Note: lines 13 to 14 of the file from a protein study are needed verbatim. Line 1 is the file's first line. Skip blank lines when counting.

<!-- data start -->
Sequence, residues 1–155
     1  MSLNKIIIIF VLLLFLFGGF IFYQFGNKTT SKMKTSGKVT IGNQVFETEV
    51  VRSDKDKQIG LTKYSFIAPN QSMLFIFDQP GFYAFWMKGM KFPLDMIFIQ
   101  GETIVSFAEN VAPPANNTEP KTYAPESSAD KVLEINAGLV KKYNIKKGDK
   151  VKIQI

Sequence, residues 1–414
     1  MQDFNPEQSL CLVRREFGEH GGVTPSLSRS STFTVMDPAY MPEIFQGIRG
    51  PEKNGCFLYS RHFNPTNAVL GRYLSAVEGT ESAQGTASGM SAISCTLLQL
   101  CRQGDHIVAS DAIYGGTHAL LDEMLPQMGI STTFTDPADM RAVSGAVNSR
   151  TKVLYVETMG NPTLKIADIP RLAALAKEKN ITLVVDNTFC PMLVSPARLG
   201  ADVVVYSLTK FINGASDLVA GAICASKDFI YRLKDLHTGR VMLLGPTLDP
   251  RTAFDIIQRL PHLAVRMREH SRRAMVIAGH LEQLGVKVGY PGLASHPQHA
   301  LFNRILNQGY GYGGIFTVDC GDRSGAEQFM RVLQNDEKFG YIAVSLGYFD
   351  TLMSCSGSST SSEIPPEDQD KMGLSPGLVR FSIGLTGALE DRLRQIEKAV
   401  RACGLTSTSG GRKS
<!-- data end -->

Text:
   301  LFNRILNQGY GYGGIFTVDC GDRSGAEQFM RVLQNDEKFG YIAVSLGYFD
   351  TLMSCSGSST SSEIPPEDQD KMGLSPGLVR FSIGLTGALE DRLRQIEKAV